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SEC, CFTC to decide whether Ethereum, other cryptocurrencies are securities
This may be the beginning of the end for reckless ICOs.
Today is a big day for Ethereum (ETH), Ripple (XRP), and the rest of the cryptocurrency world: officials from the US Securities and Exchange Commission (SEC) and the Commodity Futures Trading Commission (CFTC) are set to decide the two’s regulatory fate today—which will definitely affect most cryptocurrencies in existence. Bitcoin has been spared from the lot, however, since tokens were minted through mining and were not sold through initial coin offerings.
According to a report by The Wall Street Journal (WSJ) last week, regulators are focusing on ether (ETH) and whether it should be subjected to the same standards and regulations as securities. Ethereum hosts ] hundreds of coins that are listed in exchanges and around 20,000 ERC20 token contracts, which means the decision by the SEC and CFTC today will have a substantial effect to the large ecosystem within it.
Particularly in question was Ethereum’s 2014 ICO—which was not registered with the SEC. The fact that several investors bought the tokens with the notion that it will rise in value makes it seem like a security, the WSJ said.
This argument, of course, is contested by the many players within Ethereum’s ecosystem. Andreessen Horowitz, a venture capital firm that is heavily invested in cryptocurrencies, argued that there is no specific entity behind Ethereum. Although it is known that Vitalik Buterin is the network’s founder, the blockchain is public and not owned by anyone.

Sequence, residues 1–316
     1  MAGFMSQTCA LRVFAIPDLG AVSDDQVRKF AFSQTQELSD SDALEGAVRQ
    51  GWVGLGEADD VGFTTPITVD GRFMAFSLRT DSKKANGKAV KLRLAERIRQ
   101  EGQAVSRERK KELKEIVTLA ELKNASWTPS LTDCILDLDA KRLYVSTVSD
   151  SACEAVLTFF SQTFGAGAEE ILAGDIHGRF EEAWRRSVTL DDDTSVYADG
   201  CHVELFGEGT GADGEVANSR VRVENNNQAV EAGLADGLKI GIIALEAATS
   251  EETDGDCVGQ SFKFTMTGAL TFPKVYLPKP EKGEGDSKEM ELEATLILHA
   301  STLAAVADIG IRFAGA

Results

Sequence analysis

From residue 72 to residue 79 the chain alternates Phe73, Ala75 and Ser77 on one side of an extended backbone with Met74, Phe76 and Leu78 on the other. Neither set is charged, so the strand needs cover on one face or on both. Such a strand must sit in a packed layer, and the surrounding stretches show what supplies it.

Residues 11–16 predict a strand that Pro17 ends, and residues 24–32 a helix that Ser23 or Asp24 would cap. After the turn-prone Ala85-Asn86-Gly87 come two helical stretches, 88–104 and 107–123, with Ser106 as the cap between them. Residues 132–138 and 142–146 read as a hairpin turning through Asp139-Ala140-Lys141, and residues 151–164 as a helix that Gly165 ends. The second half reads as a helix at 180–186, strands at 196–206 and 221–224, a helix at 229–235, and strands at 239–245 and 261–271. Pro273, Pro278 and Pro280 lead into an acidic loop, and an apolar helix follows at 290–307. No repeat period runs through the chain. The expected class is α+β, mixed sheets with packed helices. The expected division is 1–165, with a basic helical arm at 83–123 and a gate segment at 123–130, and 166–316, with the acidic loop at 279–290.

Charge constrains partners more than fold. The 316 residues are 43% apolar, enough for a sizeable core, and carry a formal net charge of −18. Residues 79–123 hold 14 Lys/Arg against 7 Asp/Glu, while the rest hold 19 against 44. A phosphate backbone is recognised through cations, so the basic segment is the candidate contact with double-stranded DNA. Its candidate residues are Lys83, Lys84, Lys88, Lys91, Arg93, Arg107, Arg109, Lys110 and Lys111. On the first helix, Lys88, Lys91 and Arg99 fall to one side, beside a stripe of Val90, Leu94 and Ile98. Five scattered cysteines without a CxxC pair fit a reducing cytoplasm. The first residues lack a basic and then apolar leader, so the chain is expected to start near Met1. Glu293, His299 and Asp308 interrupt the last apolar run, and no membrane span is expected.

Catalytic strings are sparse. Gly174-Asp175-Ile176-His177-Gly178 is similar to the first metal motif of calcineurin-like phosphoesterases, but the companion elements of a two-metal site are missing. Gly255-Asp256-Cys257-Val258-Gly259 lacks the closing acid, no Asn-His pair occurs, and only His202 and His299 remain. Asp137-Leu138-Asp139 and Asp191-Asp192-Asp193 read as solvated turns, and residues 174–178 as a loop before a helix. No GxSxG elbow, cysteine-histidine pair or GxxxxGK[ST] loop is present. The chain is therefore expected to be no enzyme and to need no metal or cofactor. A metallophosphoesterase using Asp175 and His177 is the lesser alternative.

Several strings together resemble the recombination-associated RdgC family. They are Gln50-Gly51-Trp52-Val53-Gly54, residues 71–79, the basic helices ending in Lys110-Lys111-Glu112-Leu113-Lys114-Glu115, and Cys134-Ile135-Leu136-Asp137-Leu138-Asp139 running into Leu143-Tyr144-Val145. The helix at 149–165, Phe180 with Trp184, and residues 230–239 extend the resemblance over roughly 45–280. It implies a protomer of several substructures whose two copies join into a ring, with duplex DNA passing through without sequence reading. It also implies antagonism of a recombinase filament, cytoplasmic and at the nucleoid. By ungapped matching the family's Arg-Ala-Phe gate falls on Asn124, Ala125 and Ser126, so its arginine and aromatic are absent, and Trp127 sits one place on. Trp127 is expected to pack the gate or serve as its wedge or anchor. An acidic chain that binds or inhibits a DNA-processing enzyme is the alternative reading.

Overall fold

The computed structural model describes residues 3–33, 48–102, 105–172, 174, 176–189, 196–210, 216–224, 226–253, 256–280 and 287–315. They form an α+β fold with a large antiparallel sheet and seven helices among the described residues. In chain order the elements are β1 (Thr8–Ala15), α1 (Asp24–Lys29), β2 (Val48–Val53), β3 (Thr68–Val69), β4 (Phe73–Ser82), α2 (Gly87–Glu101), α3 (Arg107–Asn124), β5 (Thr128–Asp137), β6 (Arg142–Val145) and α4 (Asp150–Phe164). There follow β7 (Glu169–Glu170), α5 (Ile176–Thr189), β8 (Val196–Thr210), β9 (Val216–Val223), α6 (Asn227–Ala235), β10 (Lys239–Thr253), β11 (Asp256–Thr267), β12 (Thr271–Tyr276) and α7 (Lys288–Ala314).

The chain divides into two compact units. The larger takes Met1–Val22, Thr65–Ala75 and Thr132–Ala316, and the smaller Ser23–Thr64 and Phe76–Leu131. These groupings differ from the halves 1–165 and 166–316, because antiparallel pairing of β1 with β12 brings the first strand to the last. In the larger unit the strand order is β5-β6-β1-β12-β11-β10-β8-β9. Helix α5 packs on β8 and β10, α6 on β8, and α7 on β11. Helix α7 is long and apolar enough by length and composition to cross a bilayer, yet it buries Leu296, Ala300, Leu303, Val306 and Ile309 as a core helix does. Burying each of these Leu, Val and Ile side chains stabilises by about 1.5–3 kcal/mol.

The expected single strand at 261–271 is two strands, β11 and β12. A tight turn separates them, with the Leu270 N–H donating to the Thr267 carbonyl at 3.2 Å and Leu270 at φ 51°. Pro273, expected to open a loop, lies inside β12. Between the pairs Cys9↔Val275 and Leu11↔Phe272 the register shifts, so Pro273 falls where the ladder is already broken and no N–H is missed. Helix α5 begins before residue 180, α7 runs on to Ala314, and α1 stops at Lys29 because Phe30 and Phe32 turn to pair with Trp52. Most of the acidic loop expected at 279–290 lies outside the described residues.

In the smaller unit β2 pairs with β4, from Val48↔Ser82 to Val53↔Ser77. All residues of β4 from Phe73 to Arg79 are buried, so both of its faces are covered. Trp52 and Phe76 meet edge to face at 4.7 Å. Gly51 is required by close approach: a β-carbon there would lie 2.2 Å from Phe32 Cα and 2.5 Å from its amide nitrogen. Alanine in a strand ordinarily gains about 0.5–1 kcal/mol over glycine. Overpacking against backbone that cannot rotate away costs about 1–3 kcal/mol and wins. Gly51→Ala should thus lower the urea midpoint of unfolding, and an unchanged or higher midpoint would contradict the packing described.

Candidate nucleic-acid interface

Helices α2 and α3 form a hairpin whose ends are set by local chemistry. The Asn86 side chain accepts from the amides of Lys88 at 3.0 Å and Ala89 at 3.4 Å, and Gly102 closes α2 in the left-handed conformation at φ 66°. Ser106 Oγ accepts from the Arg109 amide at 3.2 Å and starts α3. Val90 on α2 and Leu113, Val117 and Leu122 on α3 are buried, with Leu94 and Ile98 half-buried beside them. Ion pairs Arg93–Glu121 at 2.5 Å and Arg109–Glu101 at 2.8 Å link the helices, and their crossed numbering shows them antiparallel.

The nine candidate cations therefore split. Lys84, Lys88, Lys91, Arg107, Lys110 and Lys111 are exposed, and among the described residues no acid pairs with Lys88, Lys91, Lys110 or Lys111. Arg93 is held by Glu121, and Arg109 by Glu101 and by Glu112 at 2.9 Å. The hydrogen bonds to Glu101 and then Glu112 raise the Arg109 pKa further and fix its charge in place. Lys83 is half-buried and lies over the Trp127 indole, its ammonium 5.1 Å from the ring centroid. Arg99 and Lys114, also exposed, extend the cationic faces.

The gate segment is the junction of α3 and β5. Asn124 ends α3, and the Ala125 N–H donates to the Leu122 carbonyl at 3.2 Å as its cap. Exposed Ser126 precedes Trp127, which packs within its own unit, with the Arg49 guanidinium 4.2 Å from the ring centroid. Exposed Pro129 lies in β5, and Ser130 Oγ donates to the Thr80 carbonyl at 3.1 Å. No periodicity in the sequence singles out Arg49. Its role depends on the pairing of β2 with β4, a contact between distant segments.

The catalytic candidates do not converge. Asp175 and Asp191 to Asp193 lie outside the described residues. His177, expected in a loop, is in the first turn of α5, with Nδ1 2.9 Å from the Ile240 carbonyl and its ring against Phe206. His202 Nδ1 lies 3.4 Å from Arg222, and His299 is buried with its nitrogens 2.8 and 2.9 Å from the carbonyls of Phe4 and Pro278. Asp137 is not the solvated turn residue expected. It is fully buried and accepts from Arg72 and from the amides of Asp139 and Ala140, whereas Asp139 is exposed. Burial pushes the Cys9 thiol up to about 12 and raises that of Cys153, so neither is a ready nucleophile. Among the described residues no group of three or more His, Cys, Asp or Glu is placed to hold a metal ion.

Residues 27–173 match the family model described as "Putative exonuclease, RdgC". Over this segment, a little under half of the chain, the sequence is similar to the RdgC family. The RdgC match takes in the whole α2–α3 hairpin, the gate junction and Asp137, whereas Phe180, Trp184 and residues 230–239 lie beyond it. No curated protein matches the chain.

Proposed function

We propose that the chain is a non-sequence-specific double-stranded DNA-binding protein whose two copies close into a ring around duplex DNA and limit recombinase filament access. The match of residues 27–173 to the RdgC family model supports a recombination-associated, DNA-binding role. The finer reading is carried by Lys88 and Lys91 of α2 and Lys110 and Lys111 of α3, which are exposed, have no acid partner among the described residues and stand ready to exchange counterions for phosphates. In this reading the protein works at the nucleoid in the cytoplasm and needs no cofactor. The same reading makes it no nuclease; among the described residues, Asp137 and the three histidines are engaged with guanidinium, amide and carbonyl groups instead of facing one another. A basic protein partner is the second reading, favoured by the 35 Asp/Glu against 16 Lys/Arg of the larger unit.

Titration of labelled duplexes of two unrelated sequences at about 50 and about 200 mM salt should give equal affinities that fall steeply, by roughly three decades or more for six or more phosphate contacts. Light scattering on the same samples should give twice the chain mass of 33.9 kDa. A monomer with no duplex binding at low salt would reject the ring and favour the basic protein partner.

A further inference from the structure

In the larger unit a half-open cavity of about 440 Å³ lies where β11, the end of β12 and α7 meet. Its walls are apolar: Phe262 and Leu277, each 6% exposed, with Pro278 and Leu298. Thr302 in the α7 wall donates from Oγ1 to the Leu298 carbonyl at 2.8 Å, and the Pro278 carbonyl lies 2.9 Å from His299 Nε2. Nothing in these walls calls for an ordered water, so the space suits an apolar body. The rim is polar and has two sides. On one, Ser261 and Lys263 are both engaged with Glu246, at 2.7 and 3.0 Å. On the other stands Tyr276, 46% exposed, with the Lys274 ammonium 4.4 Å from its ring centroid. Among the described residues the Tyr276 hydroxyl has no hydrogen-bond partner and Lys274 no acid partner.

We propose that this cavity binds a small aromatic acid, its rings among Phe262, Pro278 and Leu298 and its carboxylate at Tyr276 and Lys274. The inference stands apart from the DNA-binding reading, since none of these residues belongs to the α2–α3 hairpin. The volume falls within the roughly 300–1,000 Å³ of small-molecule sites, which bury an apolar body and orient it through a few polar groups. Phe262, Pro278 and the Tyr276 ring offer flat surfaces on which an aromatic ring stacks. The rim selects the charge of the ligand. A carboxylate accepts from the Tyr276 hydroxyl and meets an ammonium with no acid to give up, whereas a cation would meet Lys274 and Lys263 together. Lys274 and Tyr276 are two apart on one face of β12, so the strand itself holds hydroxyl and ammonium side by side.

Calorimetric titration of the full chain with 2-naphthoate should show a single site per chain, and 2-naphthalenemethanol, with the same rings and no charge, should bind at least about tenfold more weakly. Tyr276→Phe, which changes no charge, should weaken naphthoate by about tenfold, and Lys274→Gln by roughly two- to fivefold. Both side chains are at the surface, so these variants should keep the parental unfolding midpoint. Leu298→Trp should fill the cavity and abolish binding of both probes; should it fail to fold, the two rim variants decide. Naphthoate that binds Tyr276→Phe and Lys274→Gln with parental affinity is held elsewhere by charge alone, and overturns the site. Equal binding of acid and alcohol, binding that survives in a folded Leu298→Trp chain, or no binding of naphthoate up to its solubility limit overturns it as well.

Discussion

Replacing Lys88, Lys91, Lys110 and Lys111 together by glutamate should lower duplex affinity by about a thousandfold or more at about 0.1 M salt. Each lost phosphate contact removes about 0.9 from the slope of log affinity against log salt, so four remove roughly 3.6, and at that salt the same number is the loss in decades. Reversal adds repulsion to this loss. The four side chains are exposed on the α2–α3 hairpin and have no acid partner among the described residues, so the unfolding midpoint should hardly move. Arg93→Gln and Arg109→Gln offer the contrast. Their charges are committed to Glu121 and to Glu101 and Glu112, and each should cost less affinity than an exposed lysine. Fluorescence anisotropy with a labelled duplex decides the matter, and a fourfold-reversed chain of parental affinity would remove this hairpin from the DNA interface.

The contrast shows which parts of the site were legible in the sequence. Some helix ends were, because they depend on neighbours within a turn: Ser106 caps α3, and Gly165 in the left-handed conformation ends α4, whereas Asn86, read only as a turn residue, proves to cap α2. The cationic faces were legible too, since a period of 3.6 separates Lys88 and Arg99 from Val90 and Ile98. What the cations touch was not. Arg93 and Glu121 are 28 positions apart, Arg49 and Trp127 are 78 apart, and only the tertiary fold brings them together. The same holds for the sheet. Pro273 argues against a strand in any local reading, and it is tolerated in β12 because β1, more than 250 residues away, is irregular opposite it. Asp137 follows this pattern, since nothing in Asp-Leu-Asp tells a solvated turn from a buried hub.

Ethereum co-founder Joseph Lubin also stated at a New Orleans tech conference that classifying ether as a security is highly unlikely.
“We spent a tremendous amount of time with lawyers in the US and in other countries, and are extremely comfortable that it is not a security; it never was a security… many regulators that matter understand what Ethereum is,” Lubin said.
While Ethereum may be firm on its defense, many cryptocurrencies in existence are likely to drop dead. Countless companies have been recklessly flaunting their ICO’s and may very well fail the Howey Test. It is this very trend of launching ICO’s to make a quick buck that have been getting industry experts worried, annoyed even.
In March, at the TOKEN2049 Conference in Hong Kong, nChain chief scientist Craig Wright issued a warning about this, saying “code is law” is not a valid defense.
“The law is law,” Wright said. “You try standing in front of a judge and telling him otherwise, and you’re going to be sorry because they can reach back in time. The SEC doesn’t think about what you’re doing now. They have a 20-year timeframe. You raise money and you don’t pay it back, they can reach back. Not ‘you got away with it.’”
Civic CEO Vinny Lingham also issued a similar reminder that if the cryptocurrency space fails to self-regulate, it will get regulated—which looks exactly like what is about to happen now.
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